The Astros, Suddenly Dominant at the Plate, Are Back in the A.L.C.S.

When the Houston Astros qualified for the postseason last month, their many detractors were annoyed. Then, when they won their wild-card series against the Minnesota Twins, those same critics grew even more agitated.

Now, to paraphrase shortstop Carlos Correa, what will they say?

Behind another strong outing by Correa, the Astros stunned the Oakland Athletics, 11-6, in Game 4 of their American League division series at Dodger Stadium in Los Angeles on Thursday, winning the best-of-five series and qualifying for the American League Championship Series for the fourth straight year.

That made for a happy day in Houston, and also in the Astros’ clubhouse in Los Angeles, where the celebration could be heard during the video interviews with players and their first-year manager, Dusty Baker.

“It’s been a long, tough road,” said Baker, who last reached a league championship series 17 years ago as the manager of the Chicago Cubs. “But we’re halfway there.”

In the rest of the country, where the Astros are considered cheating villains for their sign-stealing scheme during their championship-winning season in 2017, their victory qualified as a reason for dread. After all, most fans had left the Astros for dead when they lost their final three games of the regular season to fall below .500. But the Houston Astros are somehow back among baseball’s final four.

Correa was less strident on Thursday than he was after the Astros beat the Twins, saying that the team’s only motivation was to keep winning.

“It’s a special feeling,” Correa said. “But we’re not done yet. We want to strive for more.”

To do so, Houston will now have to beat the winner of the division series between the Yankees and the Tampa Bay Rays, who will play a decisive Game 5 on Friday night in San Diego.

Correa hit a three-run home run and knocked in five runs on Thursday, Michael Brantley hit two homers and Jose Altuve added a two-run shot for the suddenly slugging Astros. The same team that ranked 19th out of 30 teams with 69 home runs in the regular season, blasted 12 in the four-game series, including three by Correa. In six playoff games, Correa is 10 for 20 with four home runs, 12 runs batted in and a staggering 1.715 on-base-plus-slugging percentage.

During the 60-game regular season, Correa hit just five homers and his O.P.S. was .709, but he noted that the season is only into its third month, and for many players that is when they start to become their most productive.

“We never gave up just because we had a down year offensively,” Correa said. “We kept working.”

Still, the Astros barely qualified for the playoffs with a 29-31 record, tied for the worst mark among any postseason team. But they have won five of their six games in the playoffs — none of them at home — and look very much like their old selves, marching confidently through October while pounding baseballs over fences. After batting .240 during the regular season, they have hit .281 in the postseason, and .322 in the division series.

When they secured the final out Thursday to send the third-seeded A’s home, they held a muted celebration on the field, as if it were a regular season game. Brantley said that was because of concerns over the coronavirus, but he said they found their celebratory voices later on.

“It’s a little different this year, and we respect that,” Brantley said, and added: “But in the locker room we’re dancing, and we’re enjoying this.”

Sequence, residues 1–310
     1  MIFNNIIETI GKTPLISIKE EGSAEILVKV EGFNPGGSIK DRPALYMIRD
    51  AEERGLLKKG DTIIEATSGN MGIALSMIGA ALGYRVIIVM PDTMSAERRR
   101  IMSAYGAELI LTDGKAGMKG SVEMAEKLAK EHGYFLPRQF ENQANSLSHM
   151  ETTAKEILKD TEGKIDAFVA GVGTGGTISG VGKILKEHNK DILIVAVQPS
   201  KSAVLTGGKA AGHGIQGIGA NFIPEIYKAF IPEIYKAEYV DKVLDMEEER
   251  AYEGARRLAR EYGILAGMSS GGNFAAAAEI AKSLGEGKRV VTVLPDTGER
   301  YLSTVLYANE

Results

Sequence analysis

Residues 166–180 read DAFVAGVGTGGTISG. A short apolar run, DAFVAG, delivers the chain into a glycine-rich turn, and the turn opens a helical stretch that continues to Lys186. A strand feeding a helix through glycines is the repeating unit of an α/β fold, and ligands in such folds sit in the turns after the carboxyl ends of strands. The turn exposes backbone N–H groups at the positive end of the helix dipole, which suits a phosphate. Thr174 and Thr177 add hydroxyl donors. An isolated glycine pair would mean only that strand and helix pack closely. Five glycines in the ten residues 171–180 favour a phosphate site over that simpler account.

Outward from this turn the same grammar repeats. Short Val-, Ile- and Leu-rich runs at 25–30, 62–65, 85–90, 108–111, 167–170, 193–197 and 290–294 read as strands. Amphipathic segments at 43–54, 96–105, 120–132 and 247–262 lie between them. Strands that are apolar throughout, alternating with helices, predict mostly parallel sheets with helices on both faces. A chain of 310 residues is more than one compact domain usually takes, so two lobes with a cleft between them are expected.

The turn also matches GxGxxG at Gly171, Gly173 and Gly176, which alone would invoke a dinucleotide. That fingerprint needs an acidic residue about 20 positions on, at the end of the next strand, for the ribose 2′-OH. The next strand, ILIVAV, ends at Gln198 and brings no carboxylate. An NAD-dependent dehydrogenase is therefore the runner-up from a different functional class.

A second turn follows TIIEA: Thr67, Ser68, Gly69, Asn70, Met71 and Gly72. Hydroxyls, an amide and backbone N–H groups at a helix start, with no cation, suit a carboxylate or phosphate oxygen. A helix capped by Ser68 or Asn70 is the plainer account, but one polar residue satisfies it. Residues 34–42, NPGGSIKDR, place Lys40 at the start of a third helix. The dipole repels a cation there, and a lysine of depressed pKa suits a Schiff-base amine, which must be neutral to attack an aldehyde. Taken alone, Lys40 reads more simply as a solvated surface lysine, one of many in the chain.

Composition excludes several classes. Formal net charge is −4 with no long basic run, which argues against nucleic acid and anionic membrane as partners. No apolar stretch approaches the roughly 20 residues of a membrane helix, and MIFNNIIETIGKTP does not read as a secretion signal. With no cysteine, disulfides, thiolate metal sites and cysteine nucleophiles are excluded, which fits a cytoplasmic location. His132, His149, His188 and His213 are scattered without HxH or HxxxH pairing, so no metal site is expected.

Perhaps some of the joy is also a cathartic release after what has been a stressful year for Houston. The Astros drew the wrath of opposing players, executives and legions of fans for their sign-stealing caper in 2017, the year they won the World Series. While there had been rumors for years, confirmation of their use of illicit means to steal opposing teams’ signs did not come until Oakland pitcher Mike Fiers, a former Astro, revealed the scheme in an article in The Athletic. At that point, the Astros instantly morphed into everyone’s most hated rival.

Fiers’ accusations were confirmed in January after an investigation by the commissioner’s office, but no current players were punished, which only added to the fury of opposing fans. Then, after Houston beat the Twins a week ago, Correa seemed to taunt his critics.

“I know a lot of people are mad,” he said, and he asked what they would say about the team now. The comments only further enraged Astro-haters, but Correa has backed up his bravado, as have his teammates.

The entire series was played at Dodger Stadium — one of the four locations for the Major League Baseball postseason to minimize travel and try to reduce risk of coronavirus infections — and the warm, dry, daytime conditions were beneficial for the long ball. The teams combined for 24 home runs and hit at least five in all four games.

Fiers was the only pitcher on the A’s roster not to play in the series, and he never faced Houston in 10 games during the regular season, either. The A’s won seven of those games (and the American League West), and were favored to win this series, too, but could not match the Astros’ power.

Baker, 71, took over in January after the Astros fired the former manager A.J. Hinch for his role in the sign-stealing scandal. Baker is still searching for his first World Series championship in 23 years of managing five different teams, having lost to the Angels with the Giants in 2002.

On Thursday, he was asked why the Houston offense was starting to produce in volume, and his response could have answered larger questions about his life and career.

“Better late than never,” he said.

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